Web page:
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June 7th, 2008
11:56 pm
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That explains so much
George W. Bush clearly grew up on a diet of endless John Wayne movies.

Then he became president, and put us in one.

Mission accomplished.


Also, on a completely unrelated note. I'd just like to say that while I am:

1) An Obama supporter;
2) a "not coweringly religious, mind you, but deeply spiritual" person; and
3) a person who considers himself nonhuman in some essential way;

I still have absolutely no idea what Mark Morford is going on about in labeling Barack Obama an "attuned being ... who can actually help usher in a new way of being on the planet" (italics his).

I like Obama and I like his ideas, but as bradhicks rightly points out, Barack is more likely to be a closet atheist than a closet Buddha. Not that this is a bad thing; the nation (and the world) could use some sane, enlightened secular human leadership for a change.

I do think Morford nails it a little further down, where he says: "[I]t's not even about Obama, per se. There's a vast amount of positive energy swirling about that's been held back by the armies of BushCo darkness, and this energy has now found a conduit, a lightning rod, is now effortlessly self-organizing around Obama's candidacy."

It's not necessary to posit Obama as some sort of posthuman in order to explain any observed gathering of positive energy around the man.

In fact, I would argue that having the man himself be some sort of superhuman would hinder that sort of change. In my urban fantasy setting TTU, this is exactly what happens with Dennis Redwing: He unites nonhumans, focuses them as a community, stands up just long enough to make one big change -- and then promptly sees the larger part of his work undone and his personal life and credibility ripped into shreds as he starts having to deal with the consequences of his show of power. His early leadership crystallized nonhumans together in a way that addressed an early and dire threat, but the sting of the inevitable disintegration also guaranteed that nobody else would be able to do the same for a decade or more.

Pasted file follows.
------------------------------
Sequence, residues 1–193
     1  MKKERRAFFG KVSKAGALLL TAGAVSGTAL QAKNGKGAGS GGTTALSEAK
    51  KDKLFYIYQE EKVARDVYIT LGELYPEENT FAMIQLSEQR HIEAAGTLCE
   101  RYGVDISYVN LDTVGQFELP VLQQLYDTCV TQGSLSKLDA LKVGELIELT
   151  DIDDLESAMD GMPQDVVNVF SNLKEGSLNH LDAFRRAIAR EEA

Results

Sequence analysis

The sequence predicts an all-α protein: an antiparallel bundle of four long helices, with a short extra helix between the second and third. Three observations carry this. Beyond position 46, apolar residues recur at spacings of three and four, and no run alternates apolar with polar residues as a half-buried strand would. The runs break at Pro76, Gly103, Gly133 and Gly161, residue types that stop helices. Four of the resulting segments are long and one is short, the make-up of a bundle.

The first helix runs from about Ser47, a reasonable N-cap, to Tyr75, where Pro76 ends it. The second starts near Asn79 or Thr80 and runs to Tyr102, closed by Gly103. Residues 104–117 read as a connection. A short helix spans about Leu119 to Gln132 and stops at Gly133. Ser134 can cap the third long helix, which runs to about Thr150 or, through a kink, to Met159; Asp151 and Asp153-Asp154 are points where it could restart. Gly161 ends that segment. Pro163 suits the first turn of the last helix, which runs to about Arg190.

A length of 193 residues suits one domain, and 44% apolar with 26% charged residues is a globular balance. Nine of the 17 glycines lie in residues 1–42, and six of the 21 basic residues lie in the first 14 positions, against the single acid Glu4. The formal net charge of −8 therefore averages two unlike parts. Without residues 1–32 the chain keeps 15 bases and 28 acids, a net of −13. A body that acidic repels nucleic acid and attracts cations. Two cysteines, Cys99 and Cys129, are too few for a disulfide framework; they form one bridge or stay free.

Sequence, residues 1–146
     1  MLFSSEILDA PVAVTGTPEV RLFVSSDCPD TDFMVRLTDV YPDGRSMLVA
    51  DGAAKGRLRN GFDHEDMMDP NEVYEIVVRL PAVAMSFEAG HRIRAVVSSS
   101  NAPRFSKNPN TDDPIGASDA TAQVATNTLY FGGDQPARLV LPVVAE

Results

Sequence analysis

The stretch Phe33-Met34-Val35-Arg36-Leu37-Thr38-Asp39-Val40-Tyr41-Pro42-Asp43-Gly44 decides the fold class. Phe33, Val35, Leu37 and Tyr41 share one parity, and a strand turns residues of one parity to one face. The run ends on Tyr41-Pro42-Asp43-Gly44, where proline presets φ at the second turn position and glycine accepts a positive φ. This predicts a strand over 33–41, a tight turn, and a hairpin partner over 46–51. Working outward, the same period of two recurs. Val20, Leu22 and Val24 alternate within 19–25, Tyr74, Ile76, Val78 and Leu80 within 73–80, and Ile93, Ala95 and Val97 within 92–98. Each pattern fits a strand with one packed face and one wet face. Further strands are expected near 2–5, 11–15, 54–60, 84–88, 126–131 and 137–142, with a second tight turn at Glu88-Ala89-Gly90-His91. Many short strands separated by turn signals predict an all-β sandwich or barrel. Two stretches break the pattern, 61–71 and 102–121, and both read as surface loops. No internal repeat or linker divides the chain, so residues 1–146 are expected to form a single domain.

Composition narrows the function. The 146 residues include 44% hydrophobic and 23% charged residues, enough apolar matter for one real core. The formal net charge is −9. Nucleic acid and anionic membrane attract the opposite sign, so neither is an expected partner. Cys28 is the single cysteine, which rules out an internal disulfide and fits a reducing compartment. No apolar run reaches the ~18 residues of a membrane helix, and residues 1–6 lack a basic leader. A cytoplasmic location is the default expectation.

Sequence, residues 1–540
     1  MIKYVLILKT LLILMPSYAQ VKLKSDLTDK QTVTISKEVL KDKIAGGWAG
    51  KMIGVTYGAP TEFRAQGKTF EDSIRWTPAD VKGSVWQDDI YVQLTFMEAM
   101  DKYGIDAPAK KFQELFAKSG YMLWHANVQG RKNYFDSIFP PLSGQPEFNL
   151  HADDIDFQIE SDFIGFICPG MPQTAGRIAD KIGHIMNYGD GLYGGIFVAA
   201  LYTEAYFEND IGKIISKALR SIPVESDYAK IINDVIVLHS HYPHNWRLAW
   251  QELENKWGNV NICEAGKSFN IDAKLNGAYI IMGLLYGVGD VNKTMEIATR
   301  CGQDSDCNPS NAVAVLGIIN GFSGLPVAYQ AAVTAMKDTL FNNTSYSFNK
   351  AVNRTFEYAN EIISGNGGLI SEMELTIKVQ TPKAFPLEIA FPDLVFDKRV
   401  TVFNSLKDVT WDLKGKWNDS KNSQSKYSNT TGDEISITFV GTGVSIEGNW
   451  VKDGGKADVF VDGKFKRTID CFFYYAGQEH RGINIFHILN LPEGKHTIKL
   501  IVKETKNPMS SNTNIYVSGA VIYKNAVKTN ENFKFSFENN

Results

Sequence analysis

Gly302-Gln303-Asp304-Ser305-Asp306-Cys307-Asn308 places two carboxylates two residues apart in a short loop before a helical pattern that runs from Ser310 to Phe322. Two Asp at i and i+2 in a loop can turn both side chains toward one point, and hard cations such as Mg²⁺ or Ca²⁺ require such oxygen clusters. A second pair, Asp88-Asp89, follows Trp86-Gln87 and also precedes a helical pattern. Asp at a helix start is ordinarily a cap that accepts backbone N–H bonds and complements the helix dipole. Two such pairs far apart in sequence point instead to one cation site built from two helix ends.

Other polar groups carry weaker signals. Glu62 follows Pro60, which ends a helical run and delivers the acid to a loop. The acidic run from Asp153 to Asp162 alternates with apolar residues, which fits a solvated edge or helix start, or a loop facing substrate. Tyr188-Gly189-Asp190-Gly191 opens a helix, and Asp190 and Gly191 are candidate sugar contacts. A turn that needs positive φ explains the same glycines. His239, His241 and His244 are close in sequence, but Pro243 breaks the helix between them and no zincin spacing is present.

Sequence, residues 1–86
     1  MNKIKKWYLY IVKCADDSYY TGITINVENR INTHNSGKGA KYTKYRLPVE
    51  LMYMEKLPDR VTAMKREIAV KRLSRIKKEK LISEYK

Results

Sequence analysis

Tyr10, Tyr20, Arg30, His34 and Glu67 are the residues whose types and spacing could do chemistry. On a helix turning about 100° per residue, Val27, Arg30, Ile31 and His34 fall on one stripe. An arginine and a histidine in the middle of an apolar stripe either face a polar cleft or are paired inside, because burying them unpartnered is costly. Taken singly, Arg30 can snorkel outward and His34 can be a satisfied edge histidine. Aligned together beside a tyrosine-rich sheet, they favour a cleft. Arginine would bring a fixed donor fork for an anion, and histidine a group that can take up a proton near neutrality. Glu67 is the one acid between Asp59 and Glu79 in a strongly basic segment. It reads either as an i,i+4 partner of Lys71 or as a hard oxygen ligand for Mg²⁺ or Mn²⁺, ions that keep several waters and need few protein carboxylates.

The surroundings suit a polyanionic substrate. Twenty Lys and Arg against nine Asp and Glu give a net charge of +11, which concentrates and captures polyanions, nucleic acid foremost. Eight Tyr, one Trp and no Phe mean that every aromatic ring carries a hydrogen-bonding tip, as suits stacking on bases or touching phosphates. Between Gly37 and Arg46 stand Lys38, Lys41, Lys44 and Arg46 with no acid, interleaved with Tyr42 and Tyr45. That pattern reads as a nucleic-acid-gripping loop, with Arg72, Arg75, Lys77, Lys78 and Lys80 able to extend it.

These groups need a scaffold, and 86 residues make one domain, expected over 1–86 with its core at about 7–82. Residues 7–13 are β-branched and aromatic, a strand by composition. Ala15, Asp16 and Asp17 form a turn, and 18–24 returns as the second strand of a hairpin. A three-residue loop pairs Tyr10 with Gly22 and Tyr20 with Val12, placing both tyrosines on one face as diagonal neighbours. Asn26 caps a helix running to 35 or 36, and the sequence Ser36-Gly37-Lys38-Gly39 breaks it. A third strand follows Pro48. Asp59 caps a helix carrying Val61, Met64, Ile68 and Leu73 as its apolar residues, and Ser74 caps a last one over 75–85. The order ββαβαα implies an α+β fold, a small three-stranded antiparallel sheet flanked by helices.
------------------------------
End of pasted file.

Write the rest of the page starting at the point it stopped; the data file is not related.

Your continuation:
Focusing too much energy, too much credibility, into a single source means that if that source is disabled, the entire buildup can be wasted. Structures united around a cause have longevity far beyond those united around a person.

History may be influenced by leaders, but it is made by movements.

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(8 comments | Leave a comment)

[User Picture]
Date:June 8th, 2008 01:33 pm (UTC)
...I'm not even going to try to read that. What is with people dismissing the possibility of non-supernatural prowess?
[User Picture]
Date:June 8th, 2008 07:43 pm (UTC)
I know that was a rhetorical question, but: It's the result of overapplying a single frame of reference beyond its explanatory powers.

It can be hard sometimes to tell what the line is between magic and Story and consequence and plain old chance, but that doesn't mean the lines don't exist. And reality is too big and to wonderful, anyway, to be completely contained by a single set of simple narrative explanations.
[User Picture]
Date:June 8th, 2008 07:57 pm (UTC)
Hm ... I suppose I can't argue with that.
[User Picture]
Date:June 8th, 2008 04:45 pm (UTC)
I'd argue that any young politician is going to have to sell themselves as "my age gives me a new perspective on things contrary to an older view which is clearly not working" basically because they cannot sell themselves on experience and a long litany of past accomplishments; similarly, a minority politician will have to sell themselves on "I have a wide variety of experiences and a broader view" and so on. There just isn't much choice in the matter.

And, when your campaign is taking on an establishment which very clearly has failed to work, the "new dynamic whatever" is both the only and probably the best tactic anyone can take. This isn't posthuman whatever, this is political savvy.